Monday, December 15, 2014

Atlantic Monthly: Why most financial whistle blowers go unheard

http://www.theatlantic.com/business/archive/2014/12/the-vast-majority-of-whistle-blowers-go-unheard/383705/?single_page=true

It's not much of an exaggeration to say that while other blogs known as watchblogs focused a lot on Mark Driscoll's stage antics and statements about gender and sex and sexuality, Wenatchee The Hatchet has spent a few years detailing the history of Mars Hill real estate acquisitions and expressing some doubts about the soundness of their fiscal policies.  Although some private attempts at contact got made by some in leadership at Mars Hill when the blog turned to these things other blogs and bloggers who opted to write about Mars Hill in general and Mark Driscoll in particular didn't seem to have much interest in the finances and real estate for a long, long time.

Why?  Who knows?  Wenatchee The Hatchet just kept at documenting things and exploring the history and asking some questions just in case anyone in the press, mainstream or otherwise, ever got the idea that there might actually be a story.  Call it compensating for the lack of activity in formal journalism, if you like.  The success, if any, of a whistle-blower's activities depends a great deal on luck rather than the size of the shock that goes with whatever may be revealed.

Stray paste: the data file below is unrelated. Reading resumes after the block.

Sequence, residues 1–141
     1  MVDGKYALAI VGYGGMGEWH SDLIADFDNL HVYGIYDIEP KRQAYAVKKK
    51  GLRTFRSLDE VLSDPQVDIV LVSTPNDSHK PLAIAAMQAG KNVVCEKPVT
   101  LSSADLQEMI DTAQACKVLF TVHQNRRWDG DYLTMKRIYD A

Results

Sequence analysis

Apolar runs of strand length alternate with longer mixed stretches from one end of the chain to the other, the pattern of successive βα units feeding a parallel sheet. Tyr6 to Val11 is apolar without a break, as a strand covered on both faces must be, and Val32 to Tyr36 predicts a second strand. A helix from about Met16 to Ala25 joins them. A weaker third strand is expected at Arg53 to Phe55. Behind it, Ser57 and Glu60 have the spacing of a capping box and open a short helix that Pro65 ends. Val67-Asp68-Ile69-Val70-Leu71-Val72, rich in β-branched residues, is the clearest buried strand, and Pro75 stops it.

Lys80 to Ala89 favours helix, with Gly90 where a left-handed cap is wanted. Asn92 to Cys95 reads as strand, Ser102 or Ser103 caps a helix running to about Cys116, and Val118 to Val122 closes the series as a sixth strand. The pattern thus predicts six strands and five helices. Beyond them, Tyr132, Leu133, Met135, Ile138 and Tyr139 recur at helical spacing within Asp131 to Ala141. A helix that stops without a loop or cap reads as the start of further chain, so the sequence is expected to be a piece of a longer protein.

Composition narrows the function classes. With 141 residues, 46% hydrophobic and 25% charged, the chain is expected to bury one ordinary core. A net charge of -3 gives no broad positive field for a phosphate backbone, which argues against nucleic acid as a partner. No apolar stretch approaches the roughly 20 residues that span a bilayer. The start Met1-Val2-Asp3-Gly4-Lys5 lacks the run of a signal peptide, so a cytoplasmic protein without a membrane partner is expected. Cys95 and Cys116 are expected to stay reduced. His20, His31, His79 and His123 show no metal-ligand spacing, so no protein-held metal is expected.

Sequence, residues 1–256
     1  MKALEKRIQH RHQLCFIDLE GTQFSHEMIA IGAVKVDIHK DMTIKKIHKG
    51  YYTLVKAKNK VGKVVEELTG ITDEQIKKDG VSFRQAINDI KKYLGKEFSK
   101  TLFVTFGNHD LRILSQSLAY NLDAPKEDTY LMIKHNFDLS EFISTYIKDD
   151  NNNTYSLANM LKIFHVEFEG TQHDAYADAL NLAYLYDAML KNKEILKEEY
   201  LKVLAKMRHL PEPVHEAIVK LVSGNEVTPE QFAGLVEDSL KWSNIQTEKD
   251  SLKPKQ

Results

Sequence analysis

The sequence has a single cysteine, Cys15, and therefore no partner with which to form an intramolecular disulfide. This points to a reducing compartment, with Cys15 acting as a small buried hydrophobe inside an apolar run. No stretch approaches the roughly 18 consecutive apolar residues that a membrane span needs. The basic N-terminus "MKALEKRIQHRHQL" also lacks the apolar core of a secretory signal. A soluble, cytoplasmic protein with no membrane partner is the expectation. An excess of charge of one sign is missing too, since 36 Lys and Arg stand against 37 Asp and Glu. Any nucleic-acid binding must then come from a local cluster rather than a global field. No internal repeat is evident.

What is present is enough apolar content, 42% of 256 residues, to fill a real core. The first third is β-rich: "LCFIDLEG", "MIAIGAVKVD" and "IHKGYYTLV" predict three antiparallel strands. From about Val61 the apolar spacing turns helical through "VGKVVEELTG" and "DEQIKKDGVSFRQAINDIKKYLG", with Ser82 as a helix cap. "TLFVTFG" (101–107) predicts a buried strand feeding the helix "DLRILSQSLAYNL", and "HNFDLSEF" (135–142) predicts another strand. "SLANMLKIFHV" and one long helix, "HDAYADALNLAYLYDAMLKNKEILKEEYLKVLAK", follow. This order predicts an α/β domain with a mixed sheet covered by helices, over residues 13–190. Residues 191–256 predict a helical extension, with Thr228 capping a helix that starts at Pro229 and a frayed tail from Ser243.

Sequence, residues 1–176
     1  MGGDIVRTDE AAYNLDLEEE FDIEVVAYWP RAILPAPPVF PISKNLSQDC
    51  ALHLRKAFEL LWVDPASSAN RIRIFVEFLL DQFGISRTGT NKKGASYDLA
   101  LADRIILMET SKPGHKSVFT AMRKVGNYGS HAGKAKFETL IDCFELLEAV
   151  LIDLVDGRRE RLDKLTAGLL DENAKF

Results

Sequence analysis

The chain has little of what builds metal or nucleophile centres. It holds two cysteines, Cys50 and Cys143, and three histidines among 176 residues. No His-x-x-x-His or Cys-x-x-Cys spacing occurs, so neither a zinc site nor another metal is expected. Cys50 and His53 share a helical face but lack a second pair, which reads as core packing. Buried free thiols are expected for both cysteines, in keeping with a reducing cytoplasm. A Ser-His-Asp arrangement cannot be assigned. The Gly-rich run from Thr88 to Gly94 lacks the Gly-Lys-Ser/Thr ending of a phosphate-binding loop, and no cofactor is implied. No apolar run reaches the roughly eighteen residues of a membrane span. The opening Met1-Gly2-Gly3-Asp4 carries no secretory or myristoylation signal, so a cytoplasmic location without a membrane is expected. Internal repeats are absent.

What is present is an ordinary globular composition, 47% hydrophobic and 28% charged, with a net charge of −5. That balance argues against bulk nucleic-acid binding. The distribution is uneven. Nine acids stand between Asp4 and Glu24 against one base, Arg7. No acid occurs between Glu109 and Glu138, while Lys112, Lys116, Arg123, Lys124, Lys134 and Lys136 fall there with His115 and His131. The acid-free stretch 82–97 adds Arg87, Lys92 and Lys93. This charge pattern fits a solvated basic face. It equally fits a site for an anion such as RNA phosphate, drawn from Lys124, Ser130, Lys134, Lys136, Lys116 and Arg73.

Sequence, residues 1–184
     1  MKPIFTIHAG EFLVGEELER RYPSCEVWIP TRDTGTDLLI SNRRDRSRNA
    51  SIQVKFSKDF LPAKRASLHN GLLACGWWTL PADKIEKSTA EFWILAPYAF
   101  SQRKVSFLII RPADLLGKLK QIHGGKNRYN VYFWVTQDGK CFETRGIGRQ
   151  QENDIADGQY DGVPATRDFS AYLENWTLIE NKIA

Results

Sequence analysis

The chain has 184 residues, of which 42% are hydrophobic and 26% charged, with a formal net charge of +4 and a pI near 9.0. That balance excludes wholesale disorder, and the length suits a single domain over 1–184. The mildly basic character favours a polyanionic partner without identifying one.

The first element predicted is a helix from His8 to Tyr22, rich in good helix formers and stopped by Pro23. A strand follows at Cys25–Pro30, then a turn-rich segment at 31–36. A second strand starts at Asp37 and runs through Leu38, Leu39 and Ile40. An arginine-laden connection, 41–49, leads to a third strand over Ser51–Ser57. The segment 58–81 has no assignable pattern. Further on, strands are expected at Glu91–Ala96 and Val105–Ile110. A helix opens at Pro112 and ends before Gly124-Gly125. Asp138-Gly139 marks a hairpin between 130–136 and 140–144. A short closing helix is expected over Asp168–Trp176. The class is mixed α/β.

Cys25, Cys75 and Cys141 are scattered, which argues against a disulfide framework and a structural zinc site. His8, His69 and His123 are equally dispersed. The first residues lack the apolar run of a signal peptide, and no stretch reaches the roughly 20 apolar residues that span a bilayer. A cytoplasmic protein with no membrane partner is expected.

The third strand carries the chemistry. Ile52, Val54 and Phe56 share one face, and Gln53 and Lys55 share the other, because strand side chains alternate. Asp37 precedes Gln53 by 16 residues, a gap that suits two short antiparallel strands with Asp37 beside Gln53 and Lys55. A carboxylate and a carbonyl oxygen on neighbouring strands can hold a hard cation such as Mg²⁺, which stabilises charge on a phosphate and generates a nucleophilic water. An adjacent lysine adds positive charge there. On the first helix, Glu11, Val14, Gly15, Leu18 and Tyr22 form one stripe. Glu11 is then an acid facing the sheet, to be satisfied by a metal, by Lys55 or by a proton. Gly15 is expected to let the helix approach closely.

So what’s luck got to do with it? Well, if Fleischmann had read the research on whistle-blowing she would know that most whistle-blowers’ stories are simply not heard. In the vast majority of cases, people who speak out suffer in silence, alone and unheard. There is a way of drawing the attention of the public and the media. But it is an elusive one.

Successful whistle-blowers are not those with the most shocking truths, but rather they are the ones who happen to tap into a current trend. Their stories match up with what the media are excited about, what the public are angry about, or what the politicians can use for political capital at that particular time. Rather depressingly, therefore, the truth is a matter of trends.

While the Atlantic article discusses banks and finance, it may be applicable to coverage of religion.
There will never be an end to controversies and scandals and the ones that get some traction when whistle-blowers attempt to speak up may reaffirm what the author of Ecclesiastes gloomily reported, that the race is not to the swift, nor victory to the strong, nor riches to the wise but time and chance happen to them all.

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